The 6.5 Creedmoor cartridge is a popular choice for long range accuracy in competition and hunting, providing a light recoil and rapid fire capabilities. It shoots beautifully through both bolt action and AR platform rifles, providing versatility and comfort for a wide range of shooting styles.
What is even better, it outperforms the ever popular .308 Win and 30-06 with less felt recoil, making it a true hunters dream caliber – especially when used with a muzzle brake. The additional reduction of force and barrel lift allows even small framed shooters to handle the shot with ease.
Of course the addition of a muzzle break isn’t an absolute for a rifle that accepts the 6.5 CM, but it certainly is a viable option that you should seriously consider, especially when teaching children how to shoot.
What is a Muzzle Brake?
A muzzle brake is a muzzle device that fits snugly onto the end of your barrel either via a clamping system or threaded on (which is preferred to keep it snug and easy to swap out if ever needed). It is simple in design and looks like a short steel tube, slightly larger in diameter than your barrel. It works to redirect the gasses created when you shoot through vented prtrs that are built into the design. These ports redirect the gasses and release them in a controlled manner, thus reducing the felt recoil and working to help counteract muzzle lift as well. Most brakes offer up to a 50% reduction in these forces.
A word to the wise, however, they increase the volume of your shot, creating a compressive shock and sound that can be quite loud to anyone standing nearby. Luckily, the shooter avoids the worst of this due to standing behind the gas release..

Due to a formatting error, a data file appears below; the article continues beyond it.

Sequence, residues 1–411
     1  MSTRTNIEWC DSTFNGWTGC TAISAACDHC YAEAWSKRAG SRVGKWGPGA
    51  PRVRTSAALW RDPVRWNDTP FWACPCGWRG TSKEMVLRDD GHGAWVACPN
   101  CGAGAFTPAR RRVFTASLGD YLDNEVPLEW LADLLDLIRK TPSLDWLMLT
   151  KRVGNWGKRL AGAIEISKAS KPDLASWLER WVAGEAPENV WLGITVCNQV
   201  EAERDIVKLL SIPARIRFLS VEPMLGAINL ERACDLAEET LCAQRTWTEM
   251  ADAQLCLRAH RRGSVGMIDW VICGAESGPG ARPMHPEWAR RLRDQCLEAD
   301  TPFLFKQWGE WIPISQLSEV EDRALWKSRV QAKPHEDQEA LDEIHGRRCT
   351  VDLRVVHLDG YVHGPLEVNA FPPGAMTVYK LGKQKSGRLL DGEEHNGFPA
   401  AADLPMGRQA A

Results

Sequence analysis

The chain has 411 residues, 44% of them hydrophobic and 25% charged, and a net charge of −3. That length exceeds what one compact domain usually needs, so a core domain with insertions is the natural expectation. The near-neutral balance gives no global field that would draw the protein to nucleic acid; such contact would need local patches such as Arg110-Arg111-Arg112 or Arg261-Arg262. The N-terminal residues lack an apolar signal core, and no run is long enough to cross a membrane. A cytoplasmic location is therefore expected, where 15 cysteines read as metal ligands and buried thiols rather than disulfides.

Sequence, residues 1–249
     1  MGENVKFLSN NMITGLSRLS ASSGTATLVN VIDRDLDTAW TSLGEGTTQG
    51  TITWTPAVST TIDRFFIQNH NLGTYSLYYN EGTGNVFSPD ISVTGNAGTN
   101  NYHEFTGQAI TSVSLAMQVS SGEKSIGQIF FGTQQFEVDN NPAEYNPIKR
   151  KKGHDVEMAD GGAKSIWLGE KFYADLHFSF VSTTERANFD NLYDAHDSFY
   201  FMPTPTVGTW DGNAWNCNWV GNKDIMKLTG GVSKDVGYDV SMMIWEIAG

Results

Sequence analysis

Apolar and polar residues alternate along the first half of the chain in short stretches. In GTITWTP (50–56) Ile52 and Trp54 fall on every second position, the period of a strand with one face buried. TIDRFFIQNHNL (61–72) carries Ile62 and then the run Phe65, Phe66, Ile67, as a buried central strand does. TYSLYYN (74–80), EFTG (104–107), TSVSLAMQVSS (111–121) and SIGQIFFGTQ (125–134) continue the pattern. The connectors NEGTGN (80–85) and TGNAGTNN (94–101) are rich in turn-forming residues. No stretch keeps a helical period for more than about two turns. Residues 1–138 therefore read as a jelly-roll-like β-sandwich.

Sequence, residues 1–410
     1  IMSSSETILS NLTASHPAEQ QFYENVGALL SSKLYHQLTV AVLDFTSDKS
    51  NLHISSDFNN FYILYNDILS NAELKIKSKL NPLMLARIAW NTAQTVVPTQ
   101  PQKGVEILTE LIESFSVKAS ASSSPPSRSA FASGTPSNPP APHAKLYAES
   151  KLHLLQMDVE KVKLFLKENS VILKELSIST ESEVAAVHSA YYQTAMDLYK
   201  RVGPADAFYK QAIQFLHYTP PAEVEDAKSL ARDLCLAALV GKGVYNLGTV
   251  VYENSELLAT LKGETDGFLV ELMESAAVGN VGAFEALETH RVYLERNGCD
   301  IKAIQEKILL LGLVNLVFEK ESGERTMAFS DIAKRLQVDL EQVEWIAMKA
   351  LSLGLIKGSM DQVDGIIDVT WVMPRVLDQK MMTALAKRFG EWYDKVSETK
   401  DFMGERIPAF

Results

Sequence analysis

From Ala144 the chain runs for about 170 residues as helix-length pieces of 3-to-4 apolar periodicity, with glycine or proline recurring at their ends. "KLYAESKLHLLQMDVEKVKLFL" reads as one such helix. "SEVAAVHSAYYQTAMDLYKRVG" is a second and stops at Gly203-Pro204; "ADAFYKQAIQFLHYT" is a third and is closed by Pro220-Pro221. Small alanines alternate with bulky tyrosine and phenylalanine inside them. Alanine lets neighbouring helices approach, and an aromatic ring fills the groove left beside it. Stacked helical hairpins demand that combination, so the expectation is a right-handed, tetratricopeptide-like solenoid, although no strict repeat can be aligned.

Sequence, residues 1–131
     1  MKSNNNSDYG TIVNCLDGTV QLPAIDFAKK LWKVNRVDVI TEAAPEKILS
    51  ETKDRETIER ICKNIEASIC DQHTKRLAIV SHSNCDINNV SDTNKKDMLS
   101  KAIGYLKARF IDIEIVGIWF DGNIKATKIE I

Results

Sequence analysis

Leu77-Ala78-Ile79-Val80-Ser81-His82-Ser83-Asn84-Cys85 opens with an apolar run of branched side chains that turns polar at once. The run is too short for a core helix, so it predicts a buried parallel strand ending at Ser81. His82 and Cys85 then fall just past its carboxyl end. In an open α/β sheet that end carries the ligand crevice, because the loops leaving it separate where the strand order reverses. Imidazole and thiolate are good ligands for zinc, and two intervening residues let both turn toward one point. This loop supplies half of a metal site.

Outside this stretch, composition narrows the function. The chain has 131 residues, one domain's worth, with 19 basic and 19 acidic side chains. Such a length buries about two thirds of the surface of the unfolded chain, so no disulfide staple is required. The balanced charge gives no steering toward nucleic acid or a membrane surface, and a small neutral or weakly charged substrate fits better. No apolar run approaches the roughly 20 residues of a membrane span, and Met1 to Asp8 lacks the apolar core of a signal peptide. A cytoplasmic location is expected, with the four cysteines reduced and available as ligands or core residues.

Muzzle Brake Sizes
You aren’t going to shop too heavily for a muzzle brake based on size. Rather, you want to choose one based on what specifics it offers – such as hybrid benefits that suppress flash and work as a compensator for increased barrel control. All brakes are generally measured a few inches in length and weight between 2 and 4 ounces. They are designed to avoid elongating the barrel too much, or adding a noticeable increase in weight.
What you do need to pay particular attention to is the thread. The size you want for a 6.5 CM barrel is almost exclusively always going to fit a more universal 5/8-24 TPI threaded muzzle. Most tactical barrels are already threaded, but even if you have an option that requires threading, a professional gunsmith can get it done for you with minimal effort.
6.5 CM Muzzle Brake Benefits
To determine if you truly need a muzzle brake for your 6.5 Creedmoor, let’s take a closer look at the benefits they offer. First off, muzzle devices are an easy modification that doesn’t require professional gunsmithing or any special steps. At the most, you will want to adjust your sighting in your rifle and simply get used to the slight changes it may offer in how it feels when shooting. Otherwise, you will more or less begin to reap the benefits of a more stable mizzle and reduced recoil pretty much right away!
- Provides up to a 50% reduction in felt recoil
- Offers reduction of muzzle lift
- Allows you to stay on target for a follow up shot
- Provides accuracy and efficiency for competition shooting
- Allows you to shoot higher caliber bullets for longer without becoming fatigued
- Provides a more controlled shooting scenario for small framed bodies and children
The Bottom Line
What this all comes down to if you are wondering if you truly need a muzzle break is personal preferences and justification for use. The 6.5 Creedmoor is a popular round for hunting purposes due to its long range accuracy and has made a name for itself in match competition as well. Even though it isn’t an incredibly hard hitting option to begin with, the addition of a muzzle brake can provide a more comfortable shooting experience through the reduction of recoil and improved barrel control.
As for what type of brake and the size you should consider, always look closely at what the product offers – such as direction of gas dispersion for barrel control and muzzle flash suppression. As long as the brake offers a 5/8-24 TPI thread, you should have no issues with compatibility.